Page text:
On August 29, three men, who were unknown to the local villagers and were driving a 1980s model Suzuki Vitara 4X4, entered the village and went to the house of Salem’s father, Ahmed. They requested to speak to him but Ahmed was afraid and told them Salem was “visiting neighboring villages.”
The same men returned around 5 pm that same day. Ahmed informed the men that Salem was not here but they could wait “in his house or return in the evening when they would find Salem at the mosque after evening prayers.” So, the men returned at 8:30 pm and had a “local child” inform Salem that they were there to meet with him.
Waleed offered to accompany Salem. They went to meet the men. Two of the men sat with Salem underneath a palm tree. The third man stood nearby and watched the meeting.
As described in the complaint, it was around 9 pm. The first missile hit the meeting area and then a second, third and a fourth missile.
Eyewitnesses say the “first two strikes directly hit Salem, Waleed and two of the three strangers. The third missile seemed to have been aimed at where the third visitor was located, somewhat apart from the others. It reportedly hit him as he lay dazed or wounded after the first two strikes. The fourth strike hit the car.”
Each of the men were blown to pieces. In order to find their body parts, people who knew them had to search for “distinctive hair” on their heads.
The Intercept reported in April that US intelligence had been notified by Yemeni security personnel that Salem and Waleed were not the targets.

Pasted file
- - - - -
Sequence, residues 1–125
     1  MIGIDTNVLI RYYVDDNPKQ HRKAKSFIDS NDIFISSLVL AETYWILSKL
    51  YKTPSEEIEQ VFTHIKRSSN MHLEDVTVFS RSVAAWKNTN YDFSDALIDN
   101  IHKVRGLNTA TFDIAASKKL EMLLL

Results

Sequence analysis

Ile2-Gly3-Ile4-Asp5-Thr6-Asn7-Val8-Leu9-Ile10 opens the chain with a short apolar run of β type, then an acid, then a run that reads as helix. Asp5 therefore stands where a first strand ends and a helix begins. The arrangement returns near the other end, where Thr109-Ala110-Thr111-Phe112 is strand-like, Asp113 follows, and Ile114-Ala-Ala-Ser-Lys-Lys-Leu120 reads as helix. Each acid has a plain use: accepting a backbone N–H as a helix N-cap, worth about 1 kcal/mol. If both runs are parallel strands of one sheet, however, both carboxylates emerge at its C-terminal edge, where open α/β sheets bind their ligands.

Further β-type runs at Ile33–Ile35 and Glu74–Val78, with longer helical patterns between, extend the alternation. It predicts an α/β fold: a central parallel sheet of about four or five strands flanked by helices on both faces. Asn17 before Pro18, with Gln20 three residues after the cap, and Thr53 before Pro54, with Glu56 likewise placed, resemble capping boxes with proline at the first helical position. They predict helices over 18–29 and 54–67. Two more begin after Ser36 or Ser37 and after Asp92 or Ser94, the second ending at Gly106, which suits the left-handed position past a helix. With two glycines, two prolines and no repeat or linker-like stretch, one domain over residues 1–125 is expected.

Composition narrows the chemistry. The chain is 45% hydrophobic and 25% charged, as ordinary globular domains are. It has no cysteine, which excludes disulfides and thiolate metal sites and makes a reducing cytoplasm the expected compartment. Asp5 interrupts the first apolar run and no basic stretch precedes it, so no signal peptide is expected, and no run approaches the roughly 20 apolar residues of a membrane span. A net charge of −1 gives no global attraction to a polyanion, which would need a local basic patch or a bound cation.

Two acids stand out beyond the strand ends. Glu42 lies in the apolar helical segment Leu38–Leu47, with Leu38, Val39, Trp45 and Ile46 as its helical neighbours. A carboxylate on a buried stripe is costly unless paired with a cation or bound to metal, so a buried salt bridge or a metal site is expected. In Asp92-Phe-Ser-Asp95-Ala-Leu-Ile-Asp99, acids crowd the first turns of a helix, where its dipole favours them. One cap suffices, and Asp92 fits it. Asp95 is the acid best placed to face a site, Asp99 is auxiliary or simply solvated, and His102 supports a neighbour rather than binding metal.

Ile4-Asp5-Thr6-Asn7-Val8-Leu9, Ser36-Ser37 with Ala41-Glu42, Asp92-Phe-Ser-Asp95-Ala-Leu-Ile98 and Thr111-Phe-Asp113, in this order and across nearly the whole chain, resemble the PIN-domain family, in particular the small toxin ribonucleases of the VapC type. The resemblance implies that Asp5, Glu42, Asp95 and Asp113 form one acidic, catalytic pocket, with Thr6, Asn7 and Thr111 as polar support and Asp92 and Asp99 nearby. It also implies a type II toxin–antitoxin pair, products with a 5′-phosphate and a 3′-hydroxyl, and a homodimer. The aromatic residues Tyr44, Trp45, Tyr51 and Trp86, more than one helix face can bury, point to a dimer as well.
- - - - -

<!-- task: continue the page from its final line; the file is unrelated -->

“To this day,” the complaint explains, “nobody in the village knows the identities and affiliations of the three young strangers. Nor does anyone know what purpose they had in wanting to meet with Salem. All that is known from the accounts of people who saw them before the strike and from their scattered remains found in the blast area, is that they were young, either still in or just out of their teens, and that they wanted to discuss Salem’s anti-terrorism sermon with him.”
Reprieve contends that none of the unknown men killed were “high-level, high value targets.” If they were “acceptable targets,” they could have easily been arrested because they spent a “significant period” loitering before the meeting. And the human rights organization adds, “There is no moral or legal rationale that justifies US drone operators waiting to strike until after Salem and Waleed joined the three visitors.”
The deaths of Salem and Waleed were “both avoidable” and “part of a broader picture of willful official blindness to unnecessary innocent civilian death that pervades the US drone program.”
Image of Faisal bin Ali Jaber